In order to optimize the location of the 40 m SANS instrument in the guide hall, the simulations were performed with various radii of curvature for the G2 guide with a fixed length and the results are shown in Fig. 8. The neutron intensity after the G2 guide increases and the peak wavelength is shifted to a lower wavelength with an increase in the radius of curvature. Fig. 9 shows the flux at the sample position with various radii of curvature and lengths of the G2 guide at the selected wavelength of 5 Å. In these simulations, the length of G2 + G3 is fixed as 36 m by considering the location of the SANS instrument in the guide hall. The flux at the sample position increases with the radius of curvature of the G2 guide up to 600 m and it is saturated above the radius of curvature of the G2 guide of 600 m. This result shows that the location of the 40 m SANS instrument can be adjusted by satisfying the radius of curvature of the curved guide above 600 m with a length of the curved guide from 26 to 32 m.
The location of the 40 m SANS instrument starting point in the guide hall is dependent on the radius of curvature and the length of the G2 and G3 guides. The same location can be realized with a wide range of radius of curvature of 200–3000 m by adjusting the length of the G2 and G3 guides. For example, both conditions of G2 = 6 m, G3 = 30 m and the radius of curvature = 400 m and the conditions of G2 = 24 m, G3 = 12 m and the radius of curvature = 1200 m have the same location in the guide hall. Simulations were performed in order to compare the conditions with the different radius of curvature and length of the G2 and G3 guides with the same locations in the guide hall.
Fig. 10 shows the neutron flux at the sample position with various radii of curvature of the G2 guide. In these simulations, the length of G2 + G3 is fixed as 36 m with L1 = 2 m. The neutron flux is independent of the radius of curvature and it fluctuates within a range of 10% as shown in Fig. 10. This result is considered to be because the neutron flux is affected not by the radius of curvature but by the optimum reflection at the curved guide exit in these simulation conditions.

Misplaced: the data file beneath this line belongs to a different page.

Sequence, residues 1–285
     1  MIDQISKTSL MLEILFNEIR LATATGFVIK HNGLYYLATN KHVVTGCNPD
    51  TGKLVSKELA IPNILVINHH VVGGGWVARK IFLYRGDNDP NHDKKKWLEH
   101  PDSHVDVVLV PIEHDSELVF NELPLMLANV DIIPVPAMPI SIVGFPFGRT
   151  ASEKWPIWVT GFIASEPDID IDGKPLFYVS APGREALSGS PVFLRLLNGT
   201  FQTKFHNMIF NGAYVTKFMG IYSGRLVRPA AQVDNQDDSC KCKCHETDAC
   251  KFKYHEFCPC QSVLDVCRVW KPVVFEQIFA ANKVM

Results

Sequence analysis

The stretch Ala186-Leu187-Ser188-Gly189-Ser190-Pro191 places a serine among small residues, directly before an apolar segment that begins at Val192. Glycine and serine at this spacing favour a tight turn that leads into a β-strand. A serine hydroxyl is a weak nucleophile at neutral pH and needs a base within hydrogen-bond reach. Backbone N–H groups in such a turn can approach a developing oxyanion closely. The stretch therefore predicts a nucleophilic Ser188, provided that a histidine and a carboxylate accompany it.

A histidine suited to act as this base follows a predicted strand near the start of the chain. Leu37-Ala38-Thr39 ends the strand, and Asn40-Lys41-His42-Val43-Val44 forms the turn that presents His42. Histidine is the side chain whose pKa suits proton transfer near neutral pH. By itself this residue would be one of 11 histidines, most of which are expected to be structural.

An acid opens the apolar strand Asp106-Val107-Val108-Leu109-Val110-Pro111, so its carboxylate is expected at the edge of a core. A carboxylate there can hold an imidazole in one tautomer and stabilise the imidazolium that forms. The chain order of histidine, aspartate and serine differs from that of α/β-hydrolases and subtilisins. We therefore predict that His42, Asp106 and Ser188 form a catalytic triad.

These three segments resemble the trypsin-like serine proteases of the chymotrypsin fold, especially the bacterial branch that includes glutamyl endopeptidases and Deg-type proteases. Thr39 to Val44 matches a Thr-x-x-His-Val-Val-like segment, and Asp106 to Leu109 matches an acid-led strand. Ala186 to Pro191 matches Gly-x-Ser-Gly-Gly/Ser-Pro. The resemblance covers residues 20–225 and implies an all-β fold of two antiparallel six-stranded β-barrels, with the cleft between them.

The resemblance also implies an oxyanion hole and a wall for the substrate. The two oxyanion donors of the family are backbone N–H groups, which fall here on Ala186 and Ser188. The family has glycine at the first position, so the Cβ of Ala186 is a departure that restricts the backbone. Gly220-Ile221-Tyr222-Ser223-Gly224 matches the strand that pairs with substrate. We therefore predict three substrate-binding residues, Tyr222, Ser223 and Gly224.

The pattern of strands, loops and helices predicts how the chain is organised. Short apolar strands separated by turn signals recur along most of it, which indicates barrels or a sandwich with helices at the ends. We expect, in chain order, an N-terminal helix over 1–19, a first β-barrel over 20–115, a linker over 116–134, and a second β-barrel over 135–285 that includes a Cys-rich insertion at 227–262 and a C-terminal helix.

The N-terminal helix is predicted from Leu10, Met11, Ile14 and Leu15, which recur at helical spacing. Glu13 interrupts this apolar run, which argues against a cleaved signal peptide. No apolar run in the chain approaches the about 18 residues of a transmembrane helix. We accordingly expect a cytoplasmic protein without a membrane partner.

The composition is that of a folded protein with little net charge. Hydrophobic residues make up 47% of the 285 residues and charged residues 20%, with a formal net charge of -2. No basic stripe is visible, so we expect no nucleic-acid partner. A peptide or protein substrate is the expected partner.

Fig. 11 shows the simulated neutron flux at the sample position (n cm^{−2} s^{−1}) for wavelengths in the range 5–9 Å with various collimation distances. The radius of curvature and the length of the G2 guide are 800 m and 24 m, respectively. The length of the G3 guide is 12 m. A source aperture A1 of 5 cm and a sample aperture A2 of 1.25 cm in diameter were used. The simulated flux values shown in Fig. 11 are about 50% of the measured flux of the ILL D22 SANS instruments at the same wavelength of 5 Å and the same collimation length of 2 m (https://www.ill.fr/YellowBook/D22 ). The thermal power of the HANARO reactor is half that of the ILL one. The neutron flux above 3 Å at the ILL cold source is 8 × 10^{14} n cm^{−2} s^{−1} (https://www.ill.fr/YellowBook/D22 ), while the calculated neutron flux at the HANARO cold source is 2 × 10^{13} n cm^{−2} s^{−1}. If only the thermal power of the two reactors is considered, our results give us a reliable approximation of the performance of the designed instrument. Concerning the flux at the cold source of the two reactors, even though the real incident flux at the sample position would be affected by several factors, it is considered that the optimum guide design based on the simulation result provides us with better performance of our instrument.
By performing additional simulations with several conditions, the following results were obtained:
The radius of curvature of the G2 guide should exceed 700 m and at least 10 m in length for the G3 guide is required. If the guide before the instrument fulfils these two conditions, optimum flux and beam uniformity can be achieved.
4. Conclusions
An analytical calculation was used to obtain the optimum SANS instrument design and the Q range of the instrument. Then, in order to optimize the instrument layout and to enhance the instrument performance, a Monte Carlo simulation was performed. The Q range of the instrument will cover from 0.0008 to 1.0 Å^{−1}. The instrument layout was optimized based on the simulation results. The maximum flux at a sample position can reach about 5.5 × 10^{ 7} n cm^{−2} s^{−1}.
Acknowledgements
This work has been carried out under the Nuclear R & D Program of the Ministry of Science and Technology.